Working, Class

If you work for other people, do not be ashamed of this and do not ask for extra pay. Remember that your labor, when done in love for the goodness of others, is good for your spirit.

This morning’s Tolstoy reading from his Wise Thoughts for Every Day is rather fascinating, since just yesterday commuting home from ESU, on a payday, in highway traffic, I reveled in my working class buzz. Perhaps only the working class can find some transcendent joy on a dreary Friday early-evening commute home, in the middle of traffic, with a paycheck safely deposited in the bank. A semi truck went by with the phrase “It’s 5 o’clock somewhere,” emblazoned in stylish paint on the back of its cab. And it brought me a cargo of thoughts. The working week was over (although I do lecture preparation and grading on the weekends). A sense of relief, and pride, filled my heart. Classical music from NPR filled the air inside my car. I would soon be taking the off-ramp to home. Fridays were always a moment for joy, to a degree, in my childhood home: it was day we got our “pocket money” or allowance; it was the day our parents were paid, and often this meant supper out at a local cafe. Dyan and I celebrate with tea and conversation; sometimes when the weather is good, a cigar on the deck for me. Though any sociologist worth her salt will tell you class definitions are fraught with complications, I do feel that as a teacher and writer — and at the wage I am paid for these duties — I am in that class we call workers, working the week through, honestly, and with the best intentions. Putting bread in the basket, eggs in the fridge, hot coffee in the pot each day of the week with sustained effort isn’t anything to be ashamed of, as Tolstoy reminds us, when done in love and yes for the goodness not only of others I might add, but also yourself.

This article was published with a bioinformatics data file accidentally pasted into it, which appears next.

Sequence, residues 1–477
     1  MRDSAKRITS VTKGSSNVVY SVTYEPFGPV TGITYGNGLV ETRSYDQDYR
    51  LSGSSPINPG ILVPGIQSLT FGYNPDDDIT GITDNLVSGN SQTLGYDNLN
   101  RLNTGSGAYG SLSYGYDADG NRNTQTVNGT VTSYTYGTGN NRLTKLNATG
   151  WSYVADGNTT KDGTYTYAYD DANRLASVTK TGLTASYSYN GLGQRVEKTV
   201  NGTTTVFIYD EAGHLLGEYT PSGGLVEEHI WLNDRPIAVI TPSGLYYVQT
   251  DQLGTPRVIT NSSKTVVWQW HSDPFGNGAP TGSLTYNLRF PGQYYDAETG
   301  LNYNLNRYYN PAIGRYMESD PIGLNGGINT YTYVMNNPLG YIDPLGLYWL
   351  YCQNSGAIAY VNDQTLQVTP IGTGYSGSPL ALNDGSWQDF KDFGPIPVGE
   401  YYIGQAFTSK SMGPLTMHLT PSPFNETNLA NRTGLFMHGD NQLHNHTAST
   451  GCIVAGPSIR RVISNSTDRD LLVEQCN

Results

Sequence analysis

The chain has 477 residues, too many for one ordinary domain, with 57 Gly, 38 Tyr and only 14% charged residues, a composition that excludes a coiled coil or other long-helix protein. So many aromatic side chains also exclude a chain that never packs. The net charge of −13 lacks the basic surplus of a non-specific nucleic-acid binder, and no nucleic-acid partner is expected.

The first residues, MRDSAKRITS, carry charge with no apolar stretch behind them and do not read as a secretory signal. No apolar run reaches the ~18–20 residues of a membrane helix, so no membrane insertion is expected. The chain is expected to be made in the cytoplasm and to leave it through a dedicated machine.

I work for a living.